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The 10 Greatest Australian Cricketers of the Decade (1980s)

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The 10 Greatest Australian Cricketers of the Decade (1980s)

Australian cricket is one of the main players on the world stage within the game and with good reason. From the Dennis Lillee years of the 1970’s to the Shane Warne heroics of the 1990’s, they have always turned out fantastic teams and brilliant players. For the first part of the 1980’s though this was not the case. With the core of the feared 1970’s team retiring and the new players to replace them not coming through, the first half of the decade saw them struggle. By the time the 1980’s had finished though, they had pulled themselves back towards the top thanks to grit, hard work and skill.

Here are ten of the greatest Aussie players from that decade who made it happen:

10 Craig McDermott

In many ways, Craig McDermott had all it took to make it higher up our list as a real legend, if injuries had not ravaged his career. After bursting onto the scene in 1985 as a young man, when he took 30 wickets in 6 Tests against England, health problems interrupted what looked like a stellar career ahead. A twisted bowel and broken ankle (amongst other things) were afflictions he suffered, which kept him out of the game for long periods.

When fit, though, McDermott was a brilliant bowler for his country. A textbook swing bowler with a solid side-on action. His best delivery was a superb outswinger which got him many a wicket in the international arena. Although he made his debut in the 1980’s and played throughout the decade, he came into his own more in the 1990’s when he was fully fit.

His best spell in this decade was a mesmerising 8 for 141 against England in 1985 where he swung the ball to great effect. In all he played 71 Tests and took 291 wickets which is a fine record to finish with.

9 Steve Waugh

If there is one name that tends to crop up on a few of these types of lists for Aussie players it’s this guy. Making his debut in 1985, Steve Waugh played right through until 2004 and was such a vital player during that time that he deserves a mention. A great batsman and useful medium-pace bowler, he was the very embodiment of Australian grit and determination. These great personal qualities added to his natural cricket skills made him one hell of a player. Eventually rising to captain his country, he led them to the 1999 World Cup as well as 15 of their 16 record consecutive Test victories.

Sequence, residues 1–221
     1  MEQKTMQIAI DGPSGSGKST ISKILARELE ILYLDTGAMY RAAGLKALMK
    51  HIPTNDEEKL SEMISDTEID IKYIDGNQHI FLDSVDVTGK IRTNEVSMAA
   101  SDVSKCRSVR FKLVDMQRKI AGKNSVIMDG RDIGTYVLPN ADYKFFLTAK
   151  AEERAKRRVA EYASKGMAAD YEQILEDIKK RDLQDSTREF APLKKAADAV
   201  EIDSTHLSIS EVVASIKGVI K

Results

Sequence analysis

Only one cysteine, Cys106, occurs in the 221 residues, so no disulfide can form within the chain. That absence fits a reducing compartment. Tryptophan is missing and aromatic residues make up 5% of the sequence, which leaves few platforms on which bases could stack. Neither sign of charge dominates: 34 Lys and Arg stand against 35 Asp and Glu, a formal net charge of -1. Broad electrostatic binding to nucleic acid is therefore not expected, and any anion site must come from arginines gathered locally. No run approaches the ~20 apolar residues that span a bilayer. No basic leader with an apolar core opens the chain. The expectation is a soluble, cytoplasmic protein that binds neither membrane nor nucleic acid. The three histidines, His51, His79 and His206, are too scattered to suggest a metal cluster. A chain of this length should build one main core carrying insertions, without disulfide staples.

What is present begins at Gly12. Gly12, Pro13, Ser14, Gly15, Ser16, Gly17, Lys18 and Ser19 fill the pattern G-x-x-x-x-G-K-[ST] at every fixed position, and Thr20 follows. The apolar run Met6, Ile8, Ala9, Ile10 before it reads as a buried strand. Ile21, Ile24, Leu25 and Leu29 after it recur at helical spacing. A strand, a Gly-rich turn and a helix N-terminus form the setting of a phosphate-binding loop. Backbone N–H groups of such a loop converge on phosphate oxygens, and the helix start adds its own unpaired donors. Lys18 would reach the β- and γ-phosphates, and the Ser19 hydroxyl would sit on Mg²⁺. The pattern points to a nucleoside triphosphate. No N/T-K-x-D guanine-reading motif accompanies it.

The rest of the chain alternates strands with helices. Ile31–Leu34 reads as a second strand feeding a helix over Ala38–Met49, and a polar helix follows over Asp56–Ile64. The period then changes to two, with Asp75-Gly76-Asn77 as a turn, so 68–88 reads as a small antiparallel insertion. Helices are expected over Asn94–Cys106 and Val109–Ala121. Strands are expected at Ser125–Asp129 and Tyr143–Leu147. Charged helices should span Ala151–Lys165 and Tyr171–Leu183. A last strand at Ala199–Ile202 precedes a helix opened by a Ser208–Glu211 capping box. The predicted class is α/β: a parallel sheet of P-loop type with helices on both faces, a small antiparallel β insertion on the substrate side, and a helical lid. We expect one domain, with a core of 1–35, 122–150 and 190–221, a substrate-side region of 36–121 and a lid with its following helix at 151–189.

In the 1980’s, however, he entered international cricket in the middle of the decade as a raw 20-year old. It must be noted that for the first few years he was finding his feet somewhat and settling into the international scene. He still showed plenty of skill though and marked himself as one to watch as he matured. Upon retiring he had played 168 Tests and made 10,927 runs to cement his place as a legend.

8 Greg Ritchie

Coming in at number eight on our list, Greg Ritchie was a fine middle-order batsman for Australia who made his debut in 1982. Although he only played for his country until 1987, he was a very good player none the less. Indeed, it is suspected that it was his less than stellar performances in the field under the captaincy of Allan Border that ultimately lost him his place, not his batting. It must be said though that, after making a century in just his second game, he never reached his potential and remained something of an unfulfilled prospect.

A well-built player, Ritchie had plenty of power but also skill when at the crease. He could be very elegant at times in his stroke-play and had a brilliant straight drive that he employed on many occasions. Even when he lost his test spot, he continued to score heavily for Queensland which confirmed his skill. His finest performances were a superb 146 against England in 1985 and a classy 128 against India in the same year.

7 Carl Rackemann

Nicknamed ‘Mocca’, Carl Rackemann was as unlikely an international athlete as you would ever see. Burly and balding, he didn’t exactly cut the type of figure that screamed of long hours in the gym. He was, however, a great fast bowler and performed admirably for Australia from 1982 to 1991, which qualifies him for our list. As with some other Aussie cricketers during this decade his international career was curtailed somewhat by injury and also a decision to play on the rebel tour to South Africa.

Rackemann’s main asset was his pace which he used to superb effect to bag his wickets. As with most Australian players, he had a superb mental attitude and will-to-win that drove him to high standards of performance. A barnstorming 6 for 86 against Pakistan in 1983 was his best spell; he simply destroyed the Pakistani batting line-up. In all he played just 12 Tests but took 39 wickets in them to show what talent he had. In some ways, it is a shame he did not play more than those 12 Tests as he would no doubt have gone on to take even more scalps than he did.

6 Terry Alderman

If there was one player who always looked like he was enjoying his cricket, it was Terry Alderman. Invariably found with a smile on his face, he was a medium-fast bowler who could use his talent to trouble even the best batsmen. Indeed, in 1989 he reduced Graham Gooch to such a state that he asked to be left out of the English team!

Alderman’s main weapons were his beautiful off-cutters and away swingers that bamboozled many a batsman in his time. He also had a great line and length which he hit consistently which, combined with his other skills, made him a great bowler. He would have been considered in even higher regard but for two long spells out of the international scene. One was through injury after tackling a pitch invader in 1982/83 and then another after joining a rebel tour to South Africa.